Trump directly tells Netanyahu  in february 2017  during a joint press conference to 'hold off on settlements for a bit' in Israel and said he wants to negotiate a peace deal
Trump directly tells Netanyahu in february 2017 during a joint press conference to ‘hold off on settlements for a bit’ in Israel and said he wants to negotiate a peace deal

Donald Trump has told Israel it will have to make “significant compromises” if it wants to secure a peace deal with the Palestinians.

Two months after he angered Palestinians and their supporters by unilaterally declaring the US was recognising Jerusalem as Israel’s capital, the US President said both sides would need to work hard to create a deal that might stick.

In an interview with the conservative Hebrew-language newspaper Hayom, which is due to be published in full over the weekend, Mr Trump said: “I wanted to make clear that Jerusalem is the capital of Israel. Regarding specific borders, I will grant my support to what the two sides agree between themselves.”

He added: “I think that both sides will have to make significant compromises in order for achieving a peace deal to be possible.”

Mr Trump delighted many Israelis and Christian conservatives in the US, when he broke with more than 50 years of international diplomatic consensus to recognise Jerusalem as Israel’s capital and say he would be relocating the US Embassy from Tel Aviv.

The international community had for decades stuck to the position that the final status of the city was central to part of any peace negotiations between Israel and the Palestinians.

Mr Trump said he was only recognising a reality that already existed on the ground as Israeli government offices and departments were already based there. He claimed that by making the announcement, he had taken the issue off the table and made it easier to find a path to peace.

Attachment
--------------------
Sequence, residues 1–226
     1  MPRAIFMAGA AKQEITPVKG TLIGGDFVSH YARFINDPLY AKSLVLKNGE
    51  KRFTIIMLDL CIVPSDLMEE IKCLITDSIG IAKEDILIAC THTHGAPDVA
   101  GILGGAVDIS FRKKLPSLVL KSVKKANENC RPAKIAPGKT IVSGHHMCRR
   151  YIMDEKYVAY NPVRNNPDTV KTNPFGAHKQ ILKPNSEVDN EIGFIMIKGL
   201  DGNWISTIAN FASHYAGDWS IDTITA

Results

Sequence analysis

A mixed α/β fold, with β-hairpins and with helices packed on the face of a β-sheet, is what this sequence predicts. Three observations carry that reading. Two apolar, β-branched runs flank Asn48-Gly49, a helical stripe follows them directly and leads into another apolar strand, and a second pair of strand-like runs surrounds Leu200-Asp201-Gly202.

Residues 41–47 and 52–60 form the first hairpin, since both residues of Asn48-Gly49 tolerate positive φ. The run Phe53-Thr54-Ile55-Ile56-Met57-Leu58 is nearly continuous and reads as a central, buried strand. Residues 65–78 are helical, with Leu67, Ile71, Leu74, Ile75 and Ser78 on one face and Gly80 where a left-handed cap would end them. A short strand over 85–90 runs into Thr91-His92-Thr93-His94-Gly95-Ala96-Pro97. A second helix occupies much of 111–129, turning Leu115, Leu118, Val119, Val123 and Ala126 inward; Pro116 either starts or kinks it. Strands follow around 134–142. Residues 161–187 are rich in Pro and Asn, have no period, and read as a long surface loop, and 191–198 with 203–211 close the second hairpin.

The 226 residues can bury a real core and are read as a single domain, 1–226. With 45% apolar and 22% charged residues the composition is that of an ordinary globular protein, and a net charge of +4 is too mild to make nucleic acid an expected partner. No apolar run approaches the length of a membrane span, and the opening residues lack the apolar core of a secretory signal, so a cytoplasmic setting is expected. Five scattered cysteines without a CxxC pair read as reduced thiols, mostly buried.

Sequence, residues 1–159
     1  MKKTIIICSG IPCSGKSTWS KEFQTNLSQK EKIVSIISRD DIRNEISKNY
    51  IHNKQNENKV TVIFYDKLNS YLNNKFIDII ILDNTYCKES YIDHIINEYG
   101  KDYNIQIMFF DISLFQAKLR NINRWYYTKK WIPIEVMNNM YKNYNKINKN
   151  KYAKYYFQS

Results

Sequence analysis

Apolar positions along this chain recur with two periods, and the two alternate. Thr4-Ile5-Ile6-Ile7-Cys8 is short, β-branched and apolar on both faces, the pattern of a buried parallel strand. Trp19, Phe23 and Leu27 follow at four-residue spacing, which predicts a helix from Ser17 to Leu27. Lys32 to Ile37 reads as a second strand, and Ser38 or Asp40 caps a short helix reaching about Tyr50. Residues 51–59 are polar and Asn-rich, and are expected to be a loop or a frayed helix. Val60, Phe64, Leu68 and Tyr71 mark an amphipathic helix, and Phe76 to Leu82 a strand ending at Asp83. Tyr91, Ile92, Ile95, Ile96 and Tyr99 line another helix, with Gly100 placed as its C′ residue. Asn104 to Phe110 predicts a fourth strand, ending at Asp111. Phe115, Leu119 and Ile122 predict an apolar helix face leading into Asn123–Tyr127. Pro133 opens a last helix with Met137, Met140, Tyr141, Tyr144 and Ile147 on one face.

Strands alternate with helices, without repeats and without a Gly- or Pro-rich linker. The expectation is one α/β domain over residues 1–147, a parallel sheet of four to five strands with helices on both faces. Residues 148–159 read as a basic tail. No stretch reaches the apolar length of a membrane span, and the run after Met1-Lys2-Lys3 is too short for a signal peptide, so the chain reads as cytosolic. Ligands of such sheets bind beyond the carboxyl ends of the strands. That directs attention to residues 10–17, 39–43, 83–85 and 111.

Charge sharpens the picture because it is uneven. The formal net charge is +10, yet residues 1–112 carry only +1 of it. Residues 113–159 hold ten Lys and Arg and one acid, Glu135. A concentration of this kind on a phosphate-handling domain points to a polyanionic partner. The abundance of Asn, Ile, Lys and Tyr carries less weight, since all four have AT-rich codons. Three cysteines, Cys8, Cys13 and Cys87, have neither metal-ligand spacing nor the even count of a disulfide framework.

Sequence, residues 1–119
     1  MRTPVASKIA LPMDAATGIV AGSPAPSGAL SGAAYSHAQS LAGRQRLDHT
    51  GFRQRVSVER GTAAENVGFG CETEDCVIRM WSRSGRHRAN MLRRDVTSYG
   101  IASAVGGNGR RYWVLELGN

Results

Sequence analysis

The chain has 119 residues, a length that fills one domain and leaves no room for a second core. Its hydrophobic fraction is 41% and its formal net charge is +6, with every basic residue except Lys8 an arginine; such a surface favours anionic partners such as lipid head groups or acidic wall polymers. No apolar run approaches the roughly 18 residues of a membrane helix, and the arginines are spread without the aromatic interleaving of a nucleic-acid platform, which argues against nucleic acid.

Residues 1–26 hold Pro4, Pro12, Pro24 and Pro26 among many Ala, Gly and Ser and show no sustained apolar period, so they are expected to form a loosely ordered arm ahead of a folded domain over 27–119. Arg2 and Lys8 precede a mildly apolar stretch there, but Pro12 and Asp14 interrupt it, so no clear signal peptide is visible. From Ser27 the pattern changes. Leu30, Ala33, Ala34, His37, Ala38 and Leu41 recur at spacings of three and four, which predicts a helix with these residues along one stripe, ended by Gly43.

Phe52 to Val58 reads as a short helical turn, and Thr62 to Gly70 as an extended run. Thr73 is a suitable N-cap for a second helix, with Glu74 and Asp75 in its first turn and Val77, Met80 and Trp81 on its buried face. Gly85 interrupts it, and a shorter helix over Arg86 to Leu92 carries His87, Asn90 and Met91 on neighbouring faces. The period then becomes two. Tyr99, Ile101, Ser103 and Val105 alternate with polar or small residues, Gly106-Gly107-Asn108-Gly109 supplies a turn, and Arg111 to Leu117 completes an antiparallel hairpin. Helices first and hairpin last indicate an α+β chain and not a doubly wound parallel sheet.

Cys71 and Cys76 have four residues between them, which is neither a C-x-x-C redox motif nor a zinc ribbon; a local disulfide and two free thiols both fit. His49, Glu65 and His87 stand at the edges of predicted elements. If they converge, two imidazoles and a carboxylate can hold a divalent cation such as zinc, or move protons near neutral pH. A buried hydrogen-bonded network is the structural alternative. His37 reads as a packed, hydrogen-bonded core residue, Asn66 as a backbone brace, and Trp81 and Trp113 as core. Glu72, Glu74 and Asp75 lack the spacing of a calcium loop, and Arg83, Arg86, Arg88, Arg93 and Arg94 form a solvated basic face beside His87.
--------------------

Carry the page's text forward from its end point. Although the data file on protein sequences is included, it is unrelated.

Mr Trump’s comments came across the backdrop of fresh strains between the Palestinians and the US Ambassador to Israel, David Friedman, following the killing by a Palestinian of a Jewish settler.

Reuters said that after the settler was stabbed to death on Monday, Mr Friedman tweeted that he had previously donated an ambulance to the slain man’s community and that he was praying for the next-of-kin, adding: “Palestinian ‘leaders’ have praised the killer.”

The envoy’s tweet drew a rebuke from the Palestinian administration.

“The American ambassador’s statements make us wonder about his relationship with the occupation,” said Nabil Abu Rdainah, a spokesman for President Mahmoud Abbas. “Is he representing America or Israel?”

Mr Abu Rdainah added: “Friedman’s recommendations and advice, which do not aim to achieve a just peace on the basis of international legitimacy, are what led to this crisis in American-Palestinian relations.” Mr Friedman, among the top Trump advisers who promoted the Jerusalem move, is a former contributor to settler causes.

The liberal Israeli newspaper, Haaretz, published a column criticising Mr Friedman’s stance and dubbing the settlement he had supported as “a mountain of curses” – a play on its Hebrew name, Har Bracha, which means Mount Blessing.

The envoy fired back at the envoy in another tweet on Friday. “Four young children are sitting shiva (Jewish mourning rite) for their murdered father …. Have they (Haaretz) no decency,” he said.

Haaretz’s publisher, Amos Shocken, responded with comments that echoed Palestinian complaints.

He said: “As long as the policy of Israel that your Government and yourself support is obstructing (the) peace process – there will be more Shivas.”

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